Airbnb plans $6bn in new share buybacks as it looks to ‘reinvent’ itself

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Holiday rental platform Airbnb launched a $6bn share buyback programme on Tuesday as it said 2024 would be an “inflection point” for its business.

After having spent three years fine-tuning its holiday rentals and experiences business, Airbnb said it would push into new areas as part of a “multiyear journey” that would help drive growth.

Asked by an analyst whether the company plans to build its offerings in a similar way to Amazon —which started in online retail and moved into a number of other markets including logistics and cloud computing — chief executive Brian Chesky said that the company’s initial new products would focus on its core business.

“I think that Airbnb can go far beyond travel in the coming years, but I think we’re going to start with our core. We’ll start with travel, and then down the road we can move beyond travel,” Chesky said.

The company is focused on building its offering in countries such as Germany, Brazil and Korea. A new “Guest Favorites” feature, which directs users to the 2mn best-reviewed properties on the platform, was launched in November and is aimed at luring more customers away from hotels with its quality guarantee.

The share-buyback scheme comes on top of an existing programme under which Airbnb purchased $2.25bn of its own stock in 2023, the company said as part of its earnings report.

Buybacks have allowed Airbnb to offset the impact of employee share awards vesting. At the end of December, Airbnb’s fully diluted share count had fallen to 676mn from 694mn at the end of the previous year.

Airbnb shares, up about 25 per cent in the past 12 months, rose almost 7 per cent in after-hours trading.

Airbnb has faced increased scrutiny from regulators as its popularity has grown, including in New York, which imposed a de facto ban on short-term rentals in September. Airbnb has not quantified the impact of the ban on its financials.

Its revenue growth is still healthy but has been slowing in recent quarters after getting a boost from the pent-up travel demand that was unleashed as the coronavirus pandemic receded.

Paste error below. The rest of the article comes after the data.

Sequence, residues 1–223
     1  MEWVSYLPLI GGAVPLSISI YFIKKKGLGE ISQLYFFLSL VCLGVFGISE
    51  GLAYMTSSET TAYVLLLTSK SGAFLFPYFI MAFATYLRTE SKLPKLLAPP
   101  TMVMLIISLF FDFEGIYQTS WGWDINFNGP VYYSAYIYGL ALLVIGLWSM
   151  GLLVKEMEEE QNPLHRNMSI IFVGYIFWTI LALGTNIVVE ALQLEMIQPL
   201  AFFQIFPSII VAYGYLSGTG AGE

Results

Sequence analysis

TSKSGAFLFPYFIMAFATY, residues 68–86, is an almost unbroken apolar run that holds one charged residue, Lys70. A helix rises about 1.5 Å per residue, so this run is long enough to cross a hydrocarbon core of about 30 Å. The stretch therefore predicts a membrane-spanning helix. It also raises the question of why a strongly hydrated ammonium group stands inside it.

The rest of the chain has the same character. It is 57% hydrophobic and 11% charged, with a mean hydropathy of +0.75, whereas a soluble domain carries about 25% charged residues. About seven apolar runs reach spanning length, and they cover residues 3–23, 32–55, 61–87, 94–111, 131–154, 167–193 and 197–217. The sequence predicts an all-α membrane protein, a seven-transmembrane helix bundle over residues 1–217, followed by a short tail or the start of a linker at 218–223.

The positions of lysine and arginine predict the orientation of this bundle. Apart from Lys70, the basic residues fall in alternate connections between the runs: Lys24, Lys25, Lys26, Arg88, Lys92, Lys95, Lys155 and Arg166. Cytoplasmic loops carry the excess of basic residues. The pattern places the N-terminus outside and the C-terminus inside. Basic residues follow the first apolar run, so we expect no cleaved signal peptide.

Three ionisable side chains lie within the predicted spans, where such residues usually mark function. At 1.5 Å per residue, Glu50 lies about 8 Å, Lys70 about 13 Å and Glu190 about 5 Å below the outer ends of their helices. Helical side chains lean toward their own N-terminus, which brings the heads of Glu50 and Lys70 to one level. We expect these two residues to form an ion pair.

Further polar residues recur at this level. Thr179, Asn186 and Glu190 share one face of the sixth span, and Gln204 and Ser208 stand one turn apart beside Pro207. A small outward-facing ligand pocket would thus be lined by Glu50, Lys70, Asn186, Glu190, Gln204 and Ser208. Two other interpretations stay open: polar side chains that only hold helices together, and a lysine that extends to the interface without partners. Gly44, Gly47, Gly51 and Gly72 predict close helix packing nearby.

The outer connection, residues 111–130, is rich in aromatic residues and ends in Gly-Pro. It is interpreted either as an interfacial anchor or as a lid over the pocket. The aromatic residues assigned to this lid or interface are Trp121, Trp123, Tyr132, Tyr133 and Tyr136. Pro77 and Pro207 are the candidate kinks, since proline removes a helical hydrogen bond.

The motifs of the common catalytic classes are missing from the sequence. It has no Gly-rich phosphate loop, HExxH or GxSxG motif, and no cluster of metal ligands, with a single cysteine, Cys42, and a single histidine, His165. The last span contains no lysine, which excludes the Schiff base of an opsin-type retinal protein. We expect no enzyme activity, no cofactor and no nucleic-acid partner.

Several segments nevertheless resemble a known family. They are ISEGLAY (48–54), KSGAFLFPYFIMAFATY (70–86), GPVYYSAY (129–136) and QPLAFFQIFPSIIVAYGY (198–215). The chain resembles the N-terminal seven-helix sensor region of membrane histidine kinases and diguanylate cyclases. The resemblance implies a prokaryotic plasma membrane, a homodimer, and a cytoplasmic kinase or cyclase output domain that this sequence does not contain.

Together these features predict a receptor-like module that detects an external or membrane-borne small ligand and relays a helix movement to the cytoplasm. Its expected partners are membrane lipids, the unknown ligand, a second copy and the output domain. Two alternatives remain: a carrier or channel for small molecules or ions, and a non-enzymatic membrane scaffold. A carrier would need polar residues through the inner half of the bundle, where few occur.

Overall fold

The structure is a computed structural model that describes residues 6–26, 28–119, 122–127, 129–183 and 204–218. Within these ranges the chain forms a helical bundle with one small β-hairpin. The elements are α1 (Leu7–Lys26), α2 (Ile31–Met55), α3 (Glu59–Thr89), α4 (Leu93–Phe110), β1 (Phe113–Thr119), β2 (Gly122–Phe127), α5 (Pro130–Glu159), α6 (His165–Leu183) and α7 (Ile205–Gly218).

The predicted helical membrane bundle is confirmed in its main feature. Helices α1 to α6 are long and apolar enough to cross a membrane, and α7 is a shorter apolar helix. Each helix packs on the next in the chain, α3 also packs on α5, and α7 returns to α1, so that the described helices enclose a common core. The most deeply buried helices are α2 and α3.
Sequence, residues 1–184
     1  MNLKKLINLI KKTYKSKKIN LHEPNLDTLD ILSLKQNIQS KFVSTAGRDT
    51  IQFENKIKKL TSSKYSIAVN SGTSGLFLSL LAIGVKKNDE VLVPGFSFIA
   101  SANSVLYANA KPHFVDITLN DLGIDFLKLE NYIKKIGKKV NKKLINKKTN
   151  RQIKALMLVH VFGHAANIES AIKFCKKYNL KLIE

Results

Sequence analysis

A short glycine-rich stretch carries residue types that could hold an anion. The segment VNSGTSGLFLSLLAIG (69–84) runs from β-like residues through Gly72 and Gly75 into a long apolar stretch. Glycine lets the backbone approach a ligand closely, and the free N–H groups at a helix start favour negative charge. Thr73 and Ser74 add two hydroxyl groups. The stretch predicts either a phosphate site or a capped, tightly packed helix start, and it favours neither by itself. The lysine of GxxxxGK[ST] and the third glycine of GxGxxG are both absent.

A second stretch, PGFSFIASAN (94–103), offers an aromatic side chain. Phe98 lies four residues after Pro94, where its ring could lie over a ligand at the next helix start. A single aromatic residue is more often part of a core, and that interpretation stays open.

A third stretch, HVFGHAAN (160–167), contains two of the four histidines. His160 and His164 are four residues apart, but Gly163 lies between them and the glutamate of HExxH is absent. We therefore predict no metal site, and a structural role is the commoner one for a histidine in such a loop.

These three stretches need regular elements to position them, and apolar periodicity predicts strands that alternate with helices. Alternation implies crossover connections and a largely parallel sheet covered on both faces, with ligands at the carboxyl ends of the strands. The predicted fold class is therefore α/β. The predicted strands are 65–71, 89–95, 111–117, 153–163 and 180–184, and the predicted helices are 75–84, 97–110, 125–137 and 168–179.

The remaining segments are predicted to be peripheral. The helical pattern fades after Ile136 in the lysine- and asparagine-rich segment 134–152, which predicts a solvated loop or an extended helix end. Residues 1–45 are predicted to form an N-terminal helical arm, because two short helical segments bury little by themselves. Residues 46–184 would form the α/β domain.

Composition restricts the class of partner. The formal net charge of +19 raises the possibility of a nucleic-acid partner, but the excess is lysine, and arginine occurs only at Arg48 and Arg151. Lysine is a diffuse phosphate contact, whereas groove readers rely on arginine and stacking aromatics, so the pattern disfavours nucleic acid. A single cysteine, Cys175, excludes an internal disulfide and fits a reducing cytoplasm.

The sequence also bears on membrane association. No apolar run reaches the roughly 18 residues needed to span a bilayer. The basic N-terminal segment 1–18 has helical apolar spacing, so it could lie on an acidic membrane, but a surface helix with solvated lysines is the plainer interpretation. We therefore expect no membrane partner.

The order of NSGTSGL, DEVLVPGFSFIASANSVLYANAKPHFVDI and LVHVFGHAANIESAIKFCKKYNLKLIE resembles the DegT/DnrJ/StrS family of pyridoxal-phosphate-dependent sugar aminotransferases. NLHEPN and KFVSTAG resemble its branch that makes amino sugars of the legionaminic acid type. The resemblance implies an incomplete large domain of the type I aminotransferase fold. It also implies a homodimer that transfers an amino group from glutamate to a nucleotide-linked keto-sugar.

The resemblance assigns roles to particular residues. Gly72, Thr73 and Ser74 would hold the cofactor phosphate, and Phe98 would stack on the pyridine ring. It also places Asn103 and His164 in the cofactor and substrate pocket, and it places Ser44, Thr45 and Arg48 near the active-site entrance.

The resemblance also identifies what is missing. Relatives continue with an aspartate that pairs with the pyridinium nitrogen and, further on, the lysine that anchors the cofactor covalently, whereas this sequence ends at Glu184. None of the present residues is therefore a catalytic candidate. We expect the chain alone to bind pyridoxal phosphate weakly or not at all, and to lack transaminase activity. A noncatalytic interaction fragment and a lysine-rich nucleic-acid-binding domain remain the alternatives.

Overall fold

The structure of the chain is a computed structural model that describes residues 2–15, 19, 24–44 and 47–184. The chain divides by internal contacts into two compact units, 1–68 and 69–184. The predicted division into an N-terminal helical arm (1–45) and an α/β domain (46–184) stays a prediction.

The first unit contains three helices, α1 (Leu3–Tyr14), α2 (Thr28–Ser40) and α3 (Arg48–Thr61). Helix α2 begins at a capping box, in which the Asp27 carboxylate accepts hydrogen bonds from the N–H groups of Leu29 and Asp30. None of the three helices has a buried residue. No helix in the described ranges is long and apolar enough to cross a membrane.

Fourth-quarter revenue of $2.2bn was up 17 per cent from the year before, the slowest pace of growth for any quarter in 2023 and largely in line with analyst expectations. Revenue growth is expected to dip to between 12 per cent and 14 per cent in the current quarter.

Airbnb registered a surprise net loss of $349mn in the fourth quarter, largely the result of about $1bn in one-off tax charges related to a long- running dispute with the Italian authorities that it settled last year.

Stripping out the impact of the charges, adjusted net income was $489mn, ahead of analyst forecasts for $450mn.

The number of nights and experiences booked rose 12 per cent to a record for the final quarter of 98.8mn, with guest demand strong in all regions, “especially among first-time bookers”, Airbnb said. 

The number of long-term stays of 28 days or more also continued to grow, and the number of trips lasting three months or longer rose almost 20 per cent compared with the same period last year, the company said.

Adjusted earnings before interest, taxes, depreciation and amortisation of $738mn beat forecasts for $646mn, helped by “discipline in managing our cost structure”, Airbnb said.

With strong free cash flow, acquisitions are also part of the company’s longer-term strategy, but “we are going to be very, very thoughtful, and it’s always going to be build, then partner, then buy, probably in that order of prioritisation”, Chesky told investors.

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